Friday, July 23, 2010

The Unknown

The unknown frustrates me. I am a curious guy, I want to know! But alas, the unknown does not care about my insignificant irritation. The unknown does not reveal itself on its own, knowledge and understanding must be sought after by curious minds. This principle applies to all unlearned knowledge, but specifically, I would like to focus on Creation—I use a capital “C” to identify this creation as the famous First Cause, the Beginning of Everything, not just the Earth or the Universe but Everything.

Naturally, no human observed Creation. Therefore, empirical knowledge of Creation becomes extremely difficult to acquire. Scientists have their Big Bang Theory, but it is an unsatisfying explanation. The Laws of Physics break down when so much matter and energy is concentrated on so small a point. Therefore, physicists are seeking a better understanding of the Laws of Physics, but a unified Theory of Everything remains out of reach. Perhaps it will always be out of reach. Current explanations raise more questions than they answer. String Theory, arguably the most elegant theory available, cannot be directly proved. The alleged strings are too small to observe. Without going into sundry tangents, it is clear enough that science currently falls short of understanding Creation.

Religion, on the other hand, claims absolute knowledge concerning Creation. The Bible itself starts with the words, “In the beginning.” Every religion has its Creation story, or stories. They tend to be very similar. In monotheistic religions, an all-powerful Supreme Being creates Everything out of Nothing. In polytheistic religions, there tends to be one or two original supernatural beings that create the heavens and the earth and/or give life to more supernatural beings—which, in turn, give rise to more supernatural beings and so on down the line. Both explanations do not satisfy me.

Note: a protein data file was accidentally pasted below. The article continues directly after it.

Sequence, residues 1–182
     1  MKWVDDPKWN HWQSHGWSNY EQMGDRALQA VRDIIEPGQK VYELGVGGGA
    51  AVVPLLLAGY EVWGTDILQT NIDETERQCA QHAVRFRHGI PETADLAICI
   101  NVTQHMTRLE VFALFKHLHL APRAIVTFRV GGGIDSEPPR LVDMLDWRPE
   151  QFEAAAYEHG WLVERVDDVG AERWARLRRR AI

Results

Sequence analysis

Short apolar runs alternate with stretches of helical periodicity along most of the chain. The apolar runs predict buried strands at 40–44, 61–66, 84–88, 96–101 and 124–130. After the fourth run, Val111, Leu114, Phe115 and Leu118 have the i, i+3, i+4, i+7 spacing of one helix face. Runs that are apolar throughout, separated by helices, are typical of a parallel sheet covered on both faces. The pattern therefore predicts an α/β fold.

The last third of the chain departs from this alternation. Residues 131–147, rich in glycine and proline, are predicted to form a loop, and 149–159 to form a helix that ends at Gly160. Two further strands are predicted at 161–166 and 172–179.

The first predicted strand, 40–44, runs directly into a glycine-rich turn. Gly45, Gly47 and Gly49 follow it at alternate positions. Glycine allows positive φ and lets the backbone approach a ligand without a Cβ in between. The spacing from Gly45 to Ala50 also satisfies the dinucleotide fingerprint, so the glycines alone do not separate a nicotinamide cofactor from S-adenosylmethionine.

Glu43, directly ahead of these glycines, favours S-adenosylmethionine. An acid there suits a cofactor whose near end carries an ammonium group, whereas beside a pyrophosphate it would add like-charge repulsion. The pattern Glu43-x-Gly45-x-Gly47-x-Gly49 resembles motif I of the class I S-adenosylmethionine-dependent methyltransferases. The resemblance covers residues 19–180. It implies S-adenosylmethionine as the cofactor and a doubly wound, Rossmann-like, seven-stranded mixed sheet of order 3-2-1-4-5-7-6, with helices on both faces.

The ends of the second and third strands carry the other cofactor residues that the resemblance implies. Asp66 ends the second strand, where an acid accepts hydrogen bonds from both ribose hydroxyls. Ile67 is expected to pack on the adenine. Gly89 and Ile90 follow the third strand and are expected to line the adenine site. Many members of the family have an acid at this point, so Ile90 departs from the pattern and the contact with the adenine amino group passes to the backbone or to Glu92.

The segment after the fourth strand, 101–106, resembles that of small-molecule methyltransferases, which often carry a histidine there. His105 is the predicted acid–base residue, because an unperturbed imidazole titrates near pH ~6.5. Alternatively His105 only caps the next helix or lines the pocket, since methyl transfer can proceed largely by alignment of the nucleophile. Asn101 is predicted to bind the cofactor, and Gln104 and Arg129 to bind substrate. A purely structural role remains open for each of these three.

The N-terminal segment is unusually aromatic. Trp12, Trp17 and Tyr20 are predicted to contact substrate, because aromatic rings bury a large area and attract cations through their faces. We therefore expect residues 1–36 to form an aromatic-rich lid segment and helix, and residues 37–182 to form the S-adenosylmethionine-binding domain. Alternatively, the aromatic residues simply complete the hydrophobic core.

The logic does not make sense to me. Creation needs a Creator, but the Creator can just exist. Is it just me, or is that a double standard? Let me bring the scale down a tad. The chicken cannot exist without being born from an egg. The egg cannot exist without being made by the chicken. So which came first? It is an infinite digression. In this case, evolution solves the digression. However, in the case of Creation, I am not aware of any satisfactory scientific solution to the digression.

I reject the God Hypothesis, to use Richard Dawkins' terminology, because having a Creator create Creation initiates an infinite digression. Who created the Creator? Who created the creator of the Creator? It just gives me a headache. I next turned to science, but science also failed to provide a satisfactory answer—for the aforementioned reasons.

After religion and science failed me, I turned to philosophy and to imaginative thought. Perhaps we are all living in a computer program, designed by some unknown superior intelligence, not God or gods but aliens or machines (like in the Matrix). Of course, this invokes the same infinite digression as the God Hypothesis—who created the beings that created the computer program we inhabit? Maybe there are forces beyond our perception at work, not God or gods but spirits, ghosts, etc. However, I do not like to go beyond the empirical. Since I cannot know if such forces exist—I cannot know if they exist by definition: they are forces beyond human perception—I disregard the option as pure imagination. Maybe there was no Beginning. Maybe we, as humans, want to give Everything a Beginning because we have a beginning ourselves. This is my favorite explanation, although it falls short of satisfying my curiosity.

After carefully considering all the aforementioned possibilities and being no closer to the answer, I fear I must bow down to the power of the question. It seems there currently is no way of finding the answer. I hope the answer will one day be found, but even if it is never found, the fact that I enjoyed searching for the answer made asking the question worthwhile.

Yours truly,
Gabriel Gethin

1 comment:

Tay Darramont said...

I believe your last sentence captures the essence of philosophy. If you have read the excellent book The Hitchhiker's Guide to the Galaxy (and if you have not, you must do so straightaway), you will know what I mean when I say your last sentence reminds me of the two philosophers' objection to the computer Deep Thought. Basically, they object to the idea of a computer calculating the meaning of life because that is their job, and the point of philosophy isn't to find the answer, but just to seek it.